As soon as your process breaks, your “source code” pointer points to the line of code that your process was about to execute before it broke. If you type list, you will be shown 10 lines of source code around your “source code” pointer, then the pointer will get incremented. So if you type list again you’ll see the next 10 lines of code in the same file. The more you type list, the “further down” the file you go. Type list - (notice the -) to go back up 10 lines. So typing list will move you down the file while list - will move you up.

You also have the option of viewing the source code for a particular function. Type list <file_name>:<function_name> to show 10 lines of code from a particular function in a particular file. Two notes on this:

  1. If you have two files with the same name, then <file_name> needs to include the name of the folders that they are in. If those folders have the same name, then you need to include the name of the folders that those folders are in. Basically include as much of the path as you need to disambiguate between the two files!
  2. <function_name> needs to be the name of the function exactly as you would specify it in C/C++. Here are some examples:
    • myFunction
    • MyClass::myFunction
    • MyClass::myOverloadFunction(int,int) - when you have two functions with the same name, you can disambiguate by including argument types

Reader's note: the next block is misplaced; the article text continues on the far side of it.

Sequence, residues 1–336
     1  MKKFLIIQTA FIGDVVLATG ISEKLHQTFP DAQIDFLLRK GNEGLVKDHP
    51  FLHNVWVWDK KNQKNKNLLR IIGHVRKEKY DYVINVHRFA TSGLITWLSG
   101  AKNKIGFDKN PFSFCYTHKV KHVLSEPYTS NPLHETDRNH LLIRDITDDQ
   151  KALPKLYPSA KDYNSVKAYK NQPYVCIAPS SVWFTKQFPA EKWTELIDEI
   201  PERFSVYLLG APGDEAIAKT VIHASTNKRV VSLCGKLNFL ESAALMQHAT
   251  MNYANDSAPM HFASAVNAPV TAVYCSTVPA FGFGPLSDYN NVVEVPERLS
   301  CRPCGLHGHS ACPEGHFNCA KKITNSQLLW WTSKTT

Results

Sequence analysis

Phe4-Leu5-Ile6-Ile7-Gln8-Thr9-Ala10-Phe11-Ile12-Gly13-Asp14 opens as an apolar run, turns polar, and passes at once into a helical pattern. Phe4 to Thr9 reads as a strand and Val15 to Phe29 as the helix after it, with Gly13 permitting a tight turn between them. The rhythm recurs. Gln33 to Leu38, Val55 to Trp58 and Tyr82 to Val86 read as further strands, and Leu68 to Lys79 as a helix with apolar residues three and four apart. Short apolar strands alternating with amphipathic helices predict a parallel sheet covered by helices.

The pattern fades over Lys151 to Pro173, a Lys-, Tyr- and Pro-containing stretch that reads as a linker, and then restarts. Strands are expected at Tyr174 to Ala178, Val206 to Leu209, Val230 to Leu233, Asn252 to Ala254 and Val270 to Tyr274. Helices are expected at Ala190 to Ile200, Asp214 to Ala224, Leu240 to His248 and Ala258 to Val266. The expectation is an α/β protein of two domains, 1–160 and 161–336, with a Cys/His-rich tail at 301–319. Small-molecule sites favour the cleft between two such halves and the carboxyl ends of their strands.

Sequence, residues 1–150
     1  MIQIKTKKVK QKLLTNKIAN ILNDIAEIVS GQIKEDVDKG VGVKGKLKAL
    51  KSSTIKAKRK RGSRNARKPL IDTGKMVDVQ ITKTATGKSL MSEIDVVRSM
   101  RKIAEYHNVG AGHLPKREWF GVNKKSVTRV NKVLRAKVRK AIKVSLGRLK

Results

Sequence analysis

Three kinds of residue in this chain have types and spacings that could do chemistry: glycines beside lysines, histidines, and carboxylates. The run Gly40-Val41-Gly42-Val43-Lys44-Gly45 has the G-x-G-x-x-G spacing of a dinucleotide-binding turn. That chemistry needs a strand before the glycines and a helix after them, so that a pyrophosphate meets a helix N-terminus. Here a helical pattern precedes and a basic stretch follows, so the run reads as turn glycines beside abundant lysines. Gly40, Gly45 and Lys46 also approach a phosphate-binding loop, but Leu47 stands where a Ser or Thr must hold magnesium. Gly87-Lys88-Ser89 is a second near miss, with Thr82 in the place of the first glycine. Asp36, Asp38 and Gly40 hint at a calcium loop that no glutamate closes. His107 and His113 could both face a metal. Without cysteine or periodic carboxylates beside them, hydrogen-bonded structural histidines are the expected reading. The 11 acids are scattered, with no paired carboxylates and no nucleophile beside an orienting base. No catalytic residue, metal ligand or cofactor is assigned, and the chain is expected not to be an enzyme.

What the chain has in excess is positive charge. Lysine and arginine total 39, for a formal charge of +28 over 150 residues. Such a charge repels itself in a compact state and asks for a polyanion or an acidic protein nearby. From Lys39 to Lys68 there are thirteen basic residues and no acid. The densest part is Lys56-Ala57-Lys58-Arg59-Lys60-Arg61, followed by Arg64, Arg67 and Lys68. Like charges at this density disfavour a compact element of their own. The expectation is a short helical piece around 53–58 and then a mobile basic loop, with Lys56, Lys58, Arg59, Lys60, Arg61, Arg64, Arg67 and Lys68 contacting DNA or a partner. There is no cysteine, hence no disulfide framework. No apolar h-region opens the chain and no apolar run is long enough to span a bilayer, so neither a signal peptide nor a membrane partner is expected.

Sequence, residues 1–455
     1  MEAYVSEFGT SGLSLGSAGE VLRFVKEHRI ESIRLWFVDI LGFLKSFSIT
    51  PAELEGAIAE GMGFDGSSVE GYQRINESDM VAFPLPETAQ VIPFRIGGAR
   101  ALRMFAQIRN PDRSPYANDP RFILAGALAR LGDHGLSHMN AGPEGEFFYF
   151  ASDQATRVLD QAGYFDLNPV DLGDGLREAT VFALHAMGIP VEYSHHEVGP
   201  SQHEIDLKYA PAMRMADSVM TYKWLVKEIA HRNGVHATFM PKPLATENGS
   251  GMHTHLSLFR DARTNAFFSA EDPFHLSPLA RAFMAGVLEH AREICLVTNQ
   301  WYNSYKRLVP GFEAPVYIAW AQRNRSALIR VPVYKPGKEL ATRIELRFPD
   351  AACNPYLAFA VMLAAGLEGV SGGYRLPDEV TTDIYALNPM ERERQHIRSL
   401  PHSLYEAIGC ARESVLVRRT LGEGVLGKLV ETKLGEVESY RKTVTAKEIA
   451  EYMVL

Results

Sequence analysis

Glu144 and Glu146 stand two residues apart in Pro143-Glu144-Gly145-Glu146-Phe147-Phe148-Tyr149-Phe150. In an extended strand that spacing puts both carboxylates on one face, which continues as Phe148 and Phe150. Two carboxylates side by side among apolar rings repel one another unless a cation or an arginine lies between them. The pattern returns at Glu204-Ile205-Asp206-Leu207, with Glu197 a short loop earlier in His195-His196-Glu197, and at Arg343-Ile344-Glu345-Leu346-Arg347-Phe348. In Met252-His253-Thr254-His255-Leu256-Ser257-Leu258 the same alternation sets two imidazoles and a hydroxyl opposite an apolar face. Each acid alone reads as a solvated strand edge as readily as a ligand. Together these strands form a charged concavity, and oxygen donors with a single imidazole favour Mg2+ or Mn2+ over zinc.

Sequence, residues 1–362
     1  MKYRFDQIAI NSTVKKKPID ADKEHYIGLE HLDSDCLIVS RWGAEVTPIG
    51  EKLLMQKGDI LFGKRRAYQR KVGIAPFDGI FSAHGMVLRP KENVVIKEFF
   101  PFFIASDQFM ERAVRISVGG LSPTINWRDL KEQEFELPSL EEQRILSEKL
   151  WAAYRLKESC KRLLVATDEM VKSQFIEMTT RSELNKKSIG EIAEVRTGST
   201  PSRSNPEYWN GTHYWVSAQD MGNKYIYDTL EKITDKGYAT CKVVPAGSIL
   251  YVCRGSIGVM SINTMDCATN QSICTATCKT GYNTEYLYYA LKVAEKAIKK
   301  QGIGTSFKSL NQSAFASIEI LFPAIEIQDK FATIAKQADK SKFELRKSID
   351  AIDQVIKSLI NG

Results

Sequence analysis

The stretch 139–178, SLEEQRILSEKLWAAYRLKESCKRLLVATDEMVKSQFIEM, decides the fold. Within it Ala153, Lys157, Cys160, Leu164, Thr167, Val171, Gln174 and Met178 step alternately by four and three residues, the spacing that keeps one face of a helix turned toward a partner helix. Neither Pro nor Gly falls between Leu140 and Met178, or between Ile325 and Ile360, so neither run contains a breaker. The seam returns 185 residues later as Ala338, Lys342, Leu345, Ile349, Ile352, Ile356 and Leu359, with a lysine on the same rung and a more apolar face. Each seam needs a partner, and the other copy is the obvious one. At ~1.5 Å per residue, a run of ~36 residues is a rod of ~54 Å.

You can also just do list <function_name> (leaving out the file portion), as long as the <function_name> is the fully scoped function name, and there is no ambiguity.

Note that after you view the source code for a particular function, your “source code” pointer now points here. So subsequent list and list - commands move you from here.

One really useful thing is the info functions [regex] command. It shows you the fully scoped name of all the functions that have been compiled in the binary modules of the executable, filtered by a regular expression. For example, info functions '[bc]ool' will show you the fully scoped name of functions that have bool or cool in their name. You often have a vague idea of a function you’d like to put a breakpoint on, so you use this info functions [regex] command to get the fully scoped name of the function, and then you use the break command to set a break (given the fully scoped name of the function).

Similarly, you can use the info variables [regex] to get the fully scoped name of global/static variables that match a certain regular expression.

  • list to see next 10 lines
  • list - to see previous 10 lines
  • list <file_name>:<function_name> to show source code for a particular function
  • info functions [regex] to get fully scoped name of functions that match a certain regex